Apologies for that.
With regard to the role education has played in the development of peace on this island, the most recent statistics for the 2015 to 2016 academic year on cross-Border student flows indicate 2,195 students from Ireland were studying in Northern Irish higher education institutions, of whom 1,135, or 52% of the total, were pursuing undergraduate programmes. Interestingly, the number of Irish students in the South declined by 38% in the five years leading to the 2015 to 2016 year. In contrast, the number of Northern Irish students studying in Irish higher education institutions increased by 24% over the same time period. Numerically, the figure stood at 1,200, with 980, or 82% of the total, pursuing undergraduate programmes.
This is only part of the picture. In the 2017 to 2018 academic year, more than 10,000 students from the Republic of Ireland were in UK higher education institutions, with more than half pursuing undergraduate programmes for the first time, while a further 44% were undertaking postgraduate studies. In the same year, there were 2,426 students from the UK in Irish higher education institutions, with 63% of these doing undergraduate studies. Clearly, not all of these students are eligible for SUSI supports. In the 2017 to 2018 academic year, 1,475, or 14%, of the Irish students attending UK higher education institutions were in receipt of a SUSI grant, which amounted to €5.2 million. In terms of the number of UK students in Irish higher education institutions, 205, or 9%, were eligible for the SUSI grant. This amounted to €720,000.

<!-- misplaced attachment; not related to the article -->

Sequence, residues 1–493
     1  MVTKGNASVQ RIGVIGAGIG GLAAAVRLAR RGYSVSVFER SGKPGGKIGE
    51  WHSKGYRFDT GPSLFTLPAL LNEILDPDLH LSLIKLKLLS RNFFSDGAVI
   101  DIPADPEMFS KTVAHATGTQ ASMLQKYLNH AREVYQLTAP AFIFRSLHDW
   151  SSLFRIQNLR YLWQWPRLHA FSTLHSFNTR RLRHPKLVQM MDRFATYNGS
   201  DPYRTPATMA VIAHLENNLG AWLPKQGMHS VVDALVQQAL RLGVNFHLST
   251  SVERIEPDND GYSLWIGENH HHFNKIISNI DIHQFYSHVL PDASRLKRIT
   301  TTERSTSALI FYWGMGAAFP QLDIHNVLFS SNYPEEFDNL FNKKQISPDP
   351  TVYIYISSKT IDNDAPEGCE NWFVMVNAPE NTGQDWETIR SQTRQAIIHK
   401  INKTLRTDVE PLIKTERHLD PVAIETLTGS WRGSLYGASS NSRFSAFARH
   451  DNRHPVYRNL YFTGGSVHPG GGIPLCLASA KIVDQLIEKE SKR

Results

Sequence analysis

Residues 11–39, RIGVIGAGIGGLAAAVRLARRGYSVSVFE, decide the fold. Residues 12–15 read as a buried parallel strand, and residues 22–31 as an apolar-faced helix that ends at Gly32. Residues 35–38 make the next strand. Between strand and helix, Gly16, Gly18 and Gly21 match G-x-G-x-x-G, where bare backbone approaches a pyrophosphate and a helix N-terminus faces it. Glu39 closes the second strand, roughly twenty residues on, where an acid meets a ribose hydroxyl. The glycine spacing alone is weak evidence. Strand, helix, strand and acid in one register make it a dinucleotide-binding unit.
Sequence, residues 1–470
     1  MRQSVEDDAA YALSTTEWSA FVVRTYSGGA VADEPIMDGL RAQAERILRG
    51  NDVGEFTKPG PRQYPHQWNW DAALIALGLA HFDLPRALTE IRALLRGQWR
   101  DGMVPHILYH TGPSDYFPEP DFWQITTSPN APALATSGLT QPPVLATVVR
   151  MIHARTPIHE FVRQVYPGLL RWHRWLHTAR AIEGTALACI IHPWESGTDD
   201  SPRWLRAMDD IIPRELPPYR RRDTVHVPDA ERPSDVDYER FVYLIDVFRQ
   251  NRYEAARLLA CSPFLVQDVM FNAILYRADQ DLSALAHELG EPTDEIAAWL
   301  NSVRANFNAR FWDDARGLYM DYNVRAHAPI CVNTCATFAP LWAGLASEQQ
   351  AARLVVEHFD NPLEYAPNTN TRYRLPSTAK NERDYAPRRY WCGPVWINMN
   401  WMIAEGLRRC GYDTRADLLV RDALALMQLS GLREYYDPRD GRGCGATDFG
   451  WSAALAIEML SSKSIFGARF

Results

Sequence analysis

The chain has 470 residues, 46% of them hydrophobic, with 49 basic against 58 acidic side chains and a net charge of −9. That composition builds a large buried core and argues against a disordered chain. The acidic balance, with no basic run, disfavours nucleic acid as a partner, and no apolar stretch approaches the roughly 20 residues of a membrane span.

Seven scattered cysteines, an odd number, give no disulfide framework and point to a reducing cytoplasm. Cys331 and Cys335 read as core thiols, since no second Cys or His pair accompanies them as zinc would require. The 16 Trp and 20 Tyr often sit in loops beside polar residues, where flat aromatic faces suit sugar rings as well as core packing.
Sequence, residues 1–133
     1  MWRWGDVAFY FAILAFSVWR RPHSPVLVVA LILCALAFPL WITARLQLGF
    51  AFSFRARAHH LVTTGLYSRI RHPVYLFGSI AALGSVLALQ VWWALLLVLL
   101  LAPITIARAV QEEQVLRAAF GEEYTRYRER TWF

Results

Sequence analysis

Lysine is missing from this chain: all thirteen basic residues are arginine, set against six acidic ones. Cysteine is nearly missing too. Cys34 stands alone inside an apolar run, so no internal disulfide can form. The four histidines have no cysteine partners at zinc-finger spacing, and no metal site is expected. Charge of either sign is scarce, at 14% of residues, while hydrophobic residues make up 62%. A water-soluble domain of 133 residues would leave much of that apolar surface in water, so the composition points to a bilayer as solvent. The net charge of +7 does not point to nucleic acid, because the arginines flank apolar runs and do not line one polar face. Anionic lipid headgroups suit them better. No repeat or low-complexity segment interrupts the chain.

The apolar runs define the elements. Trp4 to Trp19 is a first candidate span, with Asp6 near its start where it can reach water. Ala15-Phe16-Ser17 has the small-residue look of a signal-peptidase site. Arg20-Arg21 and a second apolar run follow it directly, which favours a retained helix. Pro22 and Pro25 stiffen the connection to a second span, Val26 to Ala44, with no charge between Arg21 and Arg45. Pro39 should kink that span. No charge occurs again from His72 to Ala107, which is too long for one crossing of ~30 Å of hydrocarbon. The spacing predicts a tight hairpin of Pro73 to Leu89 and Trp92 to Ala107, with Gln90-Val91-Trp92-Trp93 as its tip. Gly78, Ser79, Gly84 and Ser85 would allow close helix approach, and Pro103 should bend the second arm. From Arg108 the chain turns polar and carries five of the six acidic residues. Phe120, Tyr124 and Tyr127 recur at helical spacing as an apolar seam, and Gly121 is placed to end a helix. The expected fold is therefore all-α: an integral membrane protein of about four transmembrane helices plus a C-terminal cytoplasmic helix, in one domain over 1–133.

Since my appointment, my goal has been to protect the valuable and rich co-operation that takes place between educational institutions on a North-South and an east-west basis. There are examples of this at all levels. I look at the north-west strategic partnership, where Letterkenny Institute of Technology and Donegal Education and Training Board work closely with the University of Ulster and North West Regional College from the North to ensure further and higher education provision are closely aligned with the skills and industrial needs of the region. In many senses, the Border does not figure as these educational institutions seek to develop a shared education and skills strategy.
It is important to acknowledge the commitment of those educators at all levels who have built collaborations across the Border. They deserve commendation and our appreciation. The foundations they have built must be protected and strengthened. Indeed, there has been a shared education ecosystem between Ireland and the United Kingdom since the foundation of the State and even before that. It is hugely important that we protect and preserve this collaboration in the interests of our young people and in the interests of the quality of our education and training system. In this regard, we are working to maintain the common travel area, which will protect much of the valuable and rich co-operation that takes place in education on a North-South and an east-west basis. The Minister of State with responsibility for higher education and I view the amendment that is the focus of today's engagement as one of the key responses of the Department to the challenges of Brexit. It will facilitate student mobility between Ireland, Northern Ireland and the wider UK, and enable me to meet education obligations under the common travel area. I will now ask the Minister of State with responsibility for higher education to take the committee through the proposed amendment.